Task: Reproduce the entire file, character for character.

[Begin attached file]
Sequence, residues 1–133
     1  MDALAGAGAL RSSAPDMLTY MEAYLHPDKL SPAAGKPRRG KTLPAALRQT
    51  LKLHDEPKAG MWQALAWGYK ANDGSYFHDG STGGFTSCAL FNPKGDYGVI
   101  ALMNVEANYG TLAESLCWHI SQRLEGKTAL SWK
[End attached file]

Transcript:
Sequence, residues 1–133
     1  MDALAGAGAL RSSAPDMLTY MEAYLHPDKL SPAAGKPRRG KTLPAALRQT
    51  LKLHDEPKAG MWQALAWGYK ANDGSYFHDG STGGFTSCAL FNPKGDYGVI
   101  ALMNVEANYG TLAESLCWHI SQRLEGKTAL SWK